"No, I need it right now.  Seattle Transit won't let me board the ferry with everyone else.  I need to board down below with the cars.  I've had too many people burn me in the past.  They've offered to give me money on the ferry, but then they never show.  When that happens, I end up stranded on Bainbridge because people over there are snobs and they don't help people like me..  I really need the money now so I can know that I'll be okay."

What was I going to say?  The money wasn't an issue, but I felt strongly that I needed to give it to him on the ferry, not out on the street.

"Alright, Jesus, I'll get out of the way," was my thought. "You led me to this man, you'll need to give me something to say."

I decided to clear my mind and open my mouth.

Jayme was looking at me impatiently, waiting for a response.

"Come on, man. It's only twenty bucks. I don't see why you're making it hard on me. Just give me the money here. I've been out here all afternoon. I just want to get home. No one cares about me."

Then something happened. My mouth began moving and the words just flowed.

"Jayme, how can you say that no one cares about you? You're standing here with a ferry ticket and a milkshake. You didn't have either of those things ten minutes ago. And don't think that I got those for you because I feel sorry for you. The money I have belongs to Jesus; he tells me how to use it. So it was really Jesus who bought you that ferry ticket and Jesus who bought you the milkshake in your hand."

I continued, "If it was up to me, I'd just give you the twenty bucks right here; but I feel very strongly that Jesus wants me to give it to you on the ferry. I see that you're scared. I see that you just want to get home. But there's something bigger going on right now. You've just received an invitation."

Jayme looked dumbfounded. I continued keep my mouth open and moving.

"Yah, an invitation! Jesus wants you to trust him."

Now, please understand that I didn't contrive this explanation.  These words just flowed out of my mouth.  I didn't need to drop a "Thus saith The Lord," but I was inwardly aware that the Holy Spirit was using my words and personality to reach this guy.

"This is an opportunity," I said, "for you to know that he will not let you down. He's already told me to get the money. I'm responsible to him. But you, Jayme. What are you going to do? Are you going to trust him?"

Jayme's countenance softened. "You're really going to get the money?" He wanted to trust me, but at this point I think he was trying to figure out if I had all the marbles in my head.

"Yes, Jayme. Jesus told me to get the money. That's my job. All you need to do walk onto the boat and meet me on the top deck. That's your job. This is your invitation."

With that, I turned around and walked upstairs to the ferry terminal.  I boarded the ferry and went to the top deck.  I did everything I could to make myself visible to Jayme, but he never showed up.

Feeling a lot like God's ambassador at this point, I walked through two levels of the ferry, scanning the sea of faces for the scraggly face of that man. I wanted to make sure he hadn't overlooked me. If I represented King Jesus, I wanted to make sure I showed Jayme how unrelenting he can be. My search turned up cold.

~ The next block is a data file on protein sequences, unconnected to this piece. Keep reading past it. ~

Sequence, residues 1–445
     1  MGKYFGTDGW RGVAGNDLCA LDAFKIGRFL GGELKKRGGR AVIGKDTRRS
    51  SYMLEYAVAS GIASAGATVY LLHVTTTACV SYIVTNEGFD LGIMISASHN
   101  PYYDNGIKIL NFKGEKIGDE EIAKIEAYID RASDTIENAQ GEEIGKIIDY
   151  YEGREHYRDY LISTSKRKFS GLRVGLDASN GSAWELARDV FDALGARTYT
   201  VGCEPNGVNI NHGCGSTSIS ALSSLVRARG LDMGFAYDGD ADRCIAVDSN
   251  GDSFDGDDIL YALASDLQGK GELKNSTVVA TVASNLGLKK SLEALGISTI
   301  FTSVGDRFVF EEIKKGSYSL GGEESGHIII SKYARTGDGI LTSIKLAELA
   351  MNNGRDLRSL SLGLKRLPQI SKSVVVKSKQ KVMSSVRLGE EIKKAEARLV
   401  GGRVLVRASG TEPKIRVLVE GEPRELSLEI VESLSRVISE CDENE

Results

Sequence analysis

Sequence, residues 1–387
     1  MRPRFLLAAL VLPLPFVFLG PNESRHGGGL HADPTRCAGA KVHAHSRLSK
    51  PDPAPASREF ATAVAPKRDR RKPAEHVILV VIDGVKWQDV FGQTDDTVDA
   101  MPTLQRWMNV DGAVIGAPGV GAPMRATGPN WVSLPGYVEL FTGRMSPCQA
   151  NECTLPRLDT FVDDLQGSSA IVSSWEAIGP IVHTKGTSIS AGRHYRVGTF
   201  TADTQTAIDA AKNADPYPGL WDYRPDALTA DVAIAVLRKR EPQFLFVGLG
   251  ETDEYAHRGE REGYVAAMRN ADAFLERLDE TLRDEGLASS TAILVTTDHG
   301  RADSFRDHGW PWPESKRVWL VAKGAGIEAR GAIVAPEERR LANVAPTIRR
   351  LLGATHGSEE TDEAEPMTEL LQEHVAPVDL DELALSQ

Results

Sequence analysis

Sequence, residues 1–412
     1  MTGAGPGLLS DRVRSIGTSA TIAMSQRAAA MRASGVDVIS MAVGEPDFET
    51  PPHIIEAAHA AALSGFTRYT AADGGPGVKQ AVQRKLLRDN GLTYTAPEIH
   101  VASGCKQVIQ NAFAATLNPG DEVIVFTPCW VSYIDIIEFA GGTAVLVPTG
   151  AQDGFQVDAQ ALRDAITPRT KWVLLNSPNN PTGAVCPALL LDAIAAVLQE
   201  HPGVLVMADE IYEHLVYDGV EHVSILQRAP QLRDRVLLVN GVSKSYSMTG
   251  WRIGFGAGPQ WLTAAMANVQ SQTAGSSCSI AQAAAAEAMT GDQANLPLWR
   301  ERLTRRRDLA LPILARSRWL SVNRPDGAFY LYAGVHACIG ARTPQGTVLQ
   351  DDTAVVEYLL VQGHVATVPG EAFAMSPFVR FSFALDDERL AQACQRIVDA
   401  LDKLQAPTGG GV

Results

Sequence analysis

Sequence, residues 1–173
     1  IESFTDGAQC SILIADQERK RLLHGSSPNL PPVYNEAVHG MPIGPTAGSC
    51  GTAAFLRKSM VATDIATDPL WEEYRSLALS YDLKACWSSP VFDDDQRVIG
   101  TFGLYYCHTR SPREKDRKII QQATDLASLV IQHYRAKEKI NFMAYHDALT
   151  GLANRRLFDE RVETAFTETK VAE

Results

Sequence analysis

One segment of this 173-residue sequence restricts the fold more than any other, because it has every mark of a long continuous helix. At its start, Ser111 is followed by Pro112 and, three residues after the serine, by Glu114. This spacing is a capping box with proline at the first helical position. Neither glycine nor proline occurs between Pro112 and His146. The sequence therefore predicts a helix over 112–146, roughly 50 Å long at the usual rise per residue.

When we arrived at Bainbridge Island, I was the first to get off the ferry.  I stood by the exit, waiting for the hundreds of people to shuffle down the narrow gangplank. Dead end. Jayme never got on the ferry.

That night, as I took the ferry back to Seattle from Bainbridge Island, there was just one thing on my mind.  It was the issue of trust.

Jesus, through my weak efforts, had shown his generosity to Jayme. Not only had Jesus provided him a ferry ticket, he also bought Jayme a vanilla milkshake. And, as if that wasn't enough, Jesus was even willing to give him the bus fare to Port Townsend as well.

Jayme literally had everything he needed to get back home. He had everything he needed in order to throw away his cardboard sign and sleep under a warm roof that night. There was just one thing he was lacking - trust.

In spite of all that I had given him, he wasn't willing to trust me for the last piece of the puzzle.  Jayme was a war veteran. He had undoubtedly demonstrated courage numerous times overseas. However, that night outside the Seattle ferry terminal, he was afraid and unwilling to trust me.

As I think back on this story, I can't help but identify with Jayme. I am the one who has been hurt and cheated. I am the one holding out the proverbial cardboard sign, hoping that someone will meet my needs and show me kindness.

Jesus walks up to me, responding to my cry for help.  

At first, I'm happy to receive help; that is, as long as it's on my terms. As long as I'm the one setting the parameters, I'll receive all day long.

Like a genie in the lamp, I thought that I had enlisted Jesus' assistance to meet my demands. "I'll have my three wishes and my last wish is for more wishes!"

But Jesus doesn't play by my rules. Jesus don't play that game!

I had my agenda and Jesus was there, meeting my perceived needs every step of the way until...whoops...course correction.  I find that I've fallen into his trap.

Like Jayme, I thought this arrangement was setup to meet my perceived needs when, in fact, this mysterious benefactor had an altogether different agenda for the evening.

For Jayme, the milkshake and transportation were secondary needs. Jesus wanted to show Jayme that he could be trusted. He wanted to heal Jayme's broken mindset and show him how much he cared.

How many times have I, just like Jayme, ignored the invitation of the King? How often do I walk away from a disguised opportunity because I let fear get a hold of me?

There's a world of adventure and fulfillment out there just waiting to be discovered. There are untold blessings that Jesus wants to give to you and me, hidden blessings that we can't discern at first glance.

All we need to do is respond to his invitation, trust his character, and get on the boat.